Recently, a man was pushed onto the subway tracks in New York. This incident was captured on camera by Mr Umar Abbasi, photographer for NY Post. This sparked an old debate about whether Mr Abbasi did the right thing by photographing the incident and not stepping forward to help the fallen man. NY Post was also criticized for publishing the photograph.
So when does a photographer stop documenting an event and start assisting/getting involved in what’s unfolding in front of him/her?
BBC ran this article yesterday – http://www.bbc.co.uk/news/magazine-20616635. Legendary photographers like Steve McCurry and Stuart Franklin (of the ‘man infront of tank at Tinanmen Square’ fame) weighed in on the debate.
A friend on Facebook, Camus Wyatt (www.camuswyatt.com), alerted me to a photograph of Don McCullin (https://www.facebook.com/photo.php?fbid=132659920115516&set=a.127596477288527.15712.109238772457631&type=3&theater) taking an elderly woman to safety during conflict in Cyprus, 1964.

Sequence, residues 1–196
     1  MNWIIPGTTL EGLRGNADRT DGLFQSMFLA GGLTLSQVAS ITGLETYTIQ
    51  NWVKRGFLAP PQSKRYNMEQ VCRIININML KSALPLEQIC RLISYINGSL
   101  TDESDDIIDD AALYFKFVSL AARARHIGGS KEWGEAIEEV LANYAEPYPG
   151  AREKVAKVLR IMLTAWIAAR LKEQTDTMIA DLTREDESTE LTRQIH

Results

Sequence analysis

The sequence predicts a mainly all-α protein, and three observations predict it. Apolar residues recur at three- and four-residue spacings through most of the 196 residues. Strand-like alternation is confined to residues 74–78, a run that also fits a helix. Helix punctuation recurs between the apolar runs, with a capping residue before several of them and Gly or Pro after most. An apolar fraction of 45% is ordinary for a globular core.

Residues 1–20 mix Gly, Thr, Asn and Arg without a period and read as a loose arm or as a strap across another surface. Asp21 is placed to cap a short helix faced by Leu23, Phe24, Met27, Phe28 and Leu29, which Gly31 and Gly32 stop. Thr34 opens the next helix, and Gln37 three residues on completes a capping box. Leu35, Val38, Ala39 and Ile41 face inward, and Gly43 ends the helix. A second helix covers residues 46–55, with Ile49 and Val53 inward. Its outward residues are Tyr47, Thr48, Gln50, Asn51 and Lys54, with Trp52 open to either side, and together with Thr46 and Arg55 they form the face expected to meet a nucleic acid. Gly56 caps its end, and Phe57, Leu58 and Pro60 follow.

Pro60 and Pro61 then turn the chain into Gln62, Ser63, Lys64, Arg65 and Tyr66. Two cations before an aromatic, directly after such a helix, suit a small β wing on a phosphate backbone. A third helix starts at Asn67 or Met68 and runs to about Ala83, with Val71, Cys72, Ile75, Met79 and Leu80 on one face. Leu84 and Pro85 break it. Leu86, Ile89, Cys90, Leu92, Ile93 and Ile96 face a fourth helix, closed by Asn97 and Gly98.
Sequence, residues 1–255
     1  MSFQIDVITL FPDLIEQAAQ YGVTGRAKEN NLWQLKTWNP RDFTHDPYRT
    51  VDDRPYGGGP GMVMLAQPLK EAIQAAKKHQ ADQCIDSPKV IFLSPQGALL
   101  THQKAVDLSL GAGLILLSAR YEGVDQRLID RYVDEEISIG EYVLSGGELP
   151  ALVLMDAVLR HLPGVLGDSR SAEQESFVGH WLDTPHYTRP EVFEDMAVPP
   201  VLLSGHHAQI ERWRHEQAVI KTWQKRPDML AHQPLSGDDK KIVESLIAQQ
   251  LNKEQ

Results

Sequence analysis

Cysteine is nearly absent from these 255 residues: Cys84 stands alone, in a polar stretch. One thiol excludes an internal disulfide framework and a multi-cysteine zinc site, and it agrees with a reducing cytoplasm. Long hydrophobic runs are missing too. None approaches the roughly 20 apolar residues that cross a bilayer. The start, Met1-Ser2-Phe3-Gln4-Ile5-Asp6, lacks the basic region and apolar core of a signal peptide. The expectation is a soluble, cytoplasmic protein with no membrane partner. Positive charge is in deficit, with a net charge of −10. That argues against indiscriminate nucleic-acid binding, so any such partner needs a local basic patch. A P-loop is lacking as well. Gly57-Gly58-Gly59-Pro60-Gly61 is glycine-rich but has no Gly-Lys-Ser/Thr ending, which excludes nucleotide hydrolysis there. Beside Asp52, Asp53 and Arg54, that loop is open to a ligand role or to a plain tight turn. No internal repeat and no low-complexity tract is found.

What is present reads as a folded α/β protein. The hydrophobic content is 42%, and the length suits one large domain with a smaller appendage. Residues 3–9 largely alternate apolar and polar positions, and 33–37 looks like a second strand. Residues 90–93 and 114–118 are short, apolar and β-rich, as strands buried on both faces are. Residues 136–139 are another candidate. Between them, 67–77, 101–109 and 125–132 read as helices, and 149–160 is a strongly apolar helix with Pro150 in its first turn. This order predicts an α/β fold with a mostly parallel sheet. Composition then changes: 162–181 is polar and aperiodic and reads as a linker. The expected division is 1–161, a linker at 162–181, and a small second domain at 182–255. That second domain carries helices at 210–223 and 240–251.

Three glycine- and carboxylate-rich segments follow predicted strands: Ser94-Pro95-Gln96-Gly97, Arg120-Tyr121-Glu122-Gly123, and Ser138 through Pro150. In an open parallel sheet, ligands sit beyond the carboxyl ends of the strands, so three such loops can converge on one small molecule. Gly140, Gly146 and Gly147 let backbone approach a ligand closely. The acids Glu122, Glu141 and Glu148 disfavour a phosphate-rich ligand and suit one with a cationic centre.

I suppose we (photographers or not) have a moral duty to help those around us in times of need. But things like the subway incident above happen so quickly that its unfair to criticize the photographer without understanding whether he was in a position to actually help the man lying on the tracks. Like Stuart Franklin said, “the ethical responsibility for running the picture lies not with the photographer, but with the New York Post’s editors.”
The image on the left by Kevin Carter caused a similar uproar about a photographer’s ethical responsibilities.
The Guardian UK ran this article after an incident in India earlier this year where two journalists were under fire for recording and not intervening in a sex attack – http://www.guardian.co.uk/media/2012/jul/28/gutted-photographers-who-didnt-help. A quick read of the comments about the article is enough to realise that this is quite an emotional subject for a lot of people and one that’s not going to be resolved anytime soon.